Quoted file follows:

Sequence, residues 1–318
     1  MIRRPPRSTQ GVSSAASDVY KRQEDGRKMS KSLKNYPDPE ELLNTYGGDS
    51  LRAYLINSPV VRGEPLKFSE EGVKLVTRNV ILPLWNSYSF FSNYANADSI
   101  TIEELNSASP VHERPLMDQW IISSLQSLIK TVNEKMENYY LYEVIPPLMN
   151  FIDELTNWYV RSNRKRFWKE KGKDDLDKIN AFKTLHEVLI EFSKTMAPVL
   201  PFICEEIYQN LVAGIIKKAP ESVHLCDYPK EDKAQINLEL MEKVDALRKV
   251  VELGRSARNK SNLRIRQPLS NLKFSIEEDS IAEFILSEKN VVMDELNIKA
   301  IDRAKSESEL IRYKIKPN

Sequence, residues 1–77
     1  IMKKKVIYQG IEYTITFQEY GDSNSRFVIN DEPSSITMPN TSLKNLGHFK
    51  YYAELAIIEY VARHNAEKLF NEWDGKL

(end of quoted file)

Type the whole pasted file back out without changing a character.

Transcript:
Sequence, residues 1–318
     1  MIRRPPRSTQ GVSSAASDVY KRQEDGRKMS KSLKNYPDPE ELLNTYGGDS
    51  LRAYLINSPV VRGEPLKFSE EGVKLVTRNV ILPLWNSYSF FSNYANADSI
   101  TIEELNSASP VHERPLMDQW IISSLQSLIK TVNEKMENYY LYEVIPPLMN
   151  FIDELTNWYV RSNRKRFWKE KGKDDLDKIN AFKTLHEVLI EFSKTMAPVL
   201  PFICEEIYQN LVAGIIKKAP ESVHLCDYPK EDKAQINLEL MEKVDALRKV
   251  VELGRSARNK SNLRIRQPLS NLKFSIEEDS IAEFILSEKN VVMDELNIKA
   301  IDRAKSESEL IRYKIKPN

Sequence, residues 1–77
     1  IMKKKVIYQG IEYTITFQEY GDSNSRFVIN DEPSSITMPN TSLKNLGHFK
    51  YYAELAIIEY VARHNAEKLF NEWDGKL